Book review · Books · inspiration · Middle grade fiction · Reader

Book Review: Finding Serendipity

Finding Serendipity (Tuesday McGillycuddy #1)Finding Serendipity by Angelica Banks

My rating: 4 of 5 stars

I absolutely enjoyed this story! It gave me warm and fuzzy feelings, like I was 10 years old, discovering an adventure I could fall in love with. And it’s a series, which I am definitely interested in continuing with. The author is actually two authors, writing under a pseudonym! I enjoyed reading about them after searching out who “Angelica Banks” is.

The main character Tuesday is a relatable character except for a few things: her mother is a famous children’s books author (think JK Rowling status), but to keep their life peaceful, her mother writes under a pseudonym and wears disguises at events (or hires a person to play her? Sorry I got confused there). Tuesday can’t tell anyone who her mother really is. She’s accustomed to her mother’s writing deadlines and need for quiet, typing away in the writing room, until she’s finished. Then they usually get to go on long family vacations during school holidays.

But, not this time. In the midst of writer’s block on how to end the entire series well, Tuesday’s mother seems to disappear. Out of a window.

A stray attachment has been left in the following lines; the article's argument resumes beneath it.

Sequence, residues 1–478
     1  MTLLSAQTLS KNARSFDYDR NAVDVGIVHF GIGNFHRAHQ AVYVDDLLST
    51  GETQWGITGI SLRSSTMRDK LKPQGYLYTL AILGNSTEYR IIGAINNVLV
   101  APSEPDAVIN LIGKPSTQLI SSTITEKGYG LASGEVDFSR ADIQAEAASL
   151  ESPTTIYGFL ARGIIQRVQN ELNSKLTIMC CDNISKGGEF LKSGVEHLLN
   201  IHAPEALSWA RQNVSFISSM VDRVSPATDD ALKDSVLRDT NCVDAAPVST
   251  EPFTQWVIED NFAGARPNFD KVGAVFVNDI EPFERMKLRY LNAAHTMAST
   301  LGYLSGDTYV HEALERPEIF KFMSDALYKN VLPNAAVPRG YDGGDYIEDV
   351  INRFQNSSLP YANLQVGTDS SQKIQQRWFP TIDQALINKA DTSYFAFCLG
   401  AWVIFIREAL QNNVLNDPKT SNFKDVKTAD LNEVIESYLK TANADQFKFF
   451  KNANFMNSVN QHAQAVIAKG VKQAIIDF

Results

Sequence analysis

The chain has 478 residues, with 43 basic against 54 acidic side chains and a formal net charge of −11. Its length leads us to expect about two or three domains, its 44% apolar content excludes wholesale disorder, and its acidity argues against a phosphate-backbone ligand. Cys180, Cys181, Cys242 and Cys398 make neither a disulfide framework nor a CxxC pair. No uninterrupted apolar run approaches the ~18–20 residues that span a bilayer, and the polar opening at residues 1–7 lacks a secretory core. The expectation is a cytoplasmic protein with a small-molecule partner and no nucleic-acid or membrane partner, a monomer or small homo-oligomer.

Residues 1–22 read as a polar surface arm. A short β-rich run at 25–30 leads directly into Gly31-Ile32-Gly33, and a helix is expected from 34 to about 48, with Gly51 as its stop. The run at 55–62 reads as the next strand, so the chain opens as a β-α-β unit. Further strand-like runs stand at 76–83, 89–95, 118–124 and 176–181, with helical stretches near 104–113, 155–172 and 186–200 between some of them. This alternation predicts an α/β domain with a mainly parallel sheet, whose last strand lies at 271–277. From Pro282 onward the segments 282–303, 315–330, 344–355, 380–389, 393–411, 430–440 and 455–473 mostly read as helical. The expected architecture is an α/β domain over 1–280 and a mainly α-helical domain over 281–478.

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Tuesday discovers it in the quiet writing room, the window wide open, and a box on the desk. She opens it to find silver thread-like words: THE END. She sits to type and the words come off the page and wrap around her body, lifting her out of the window! So she discovers her mother’s secret writing life, and travels to the fantastical world of stories. She searches for her mother, and meets the characters in her mother’s stories. The rest, you’ll need to read the story to find out!

So, as a writer myself, I found this very fun. It’s a great story for writers young and old, and for people related to writers.

I didn’t give 5 stars because I felt the father figure was too relaxed about his daughter being off on an adventure through the window. He was used to it, because it’s what his wife did. But he too easily let Tuesday go off into the dark unknown by herself. We know in children’s stories, children need to be off on adventure somehow. But I think he should have freaked out more, ha. Grabbed at her arms or legs as she floated away, maybe.
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Definitely would recommend this book to kids 8 and up. And to writers.

If you’d like to learn more about the author team for this series, visit their website: http://tuesdaymcgillycuddy.com/

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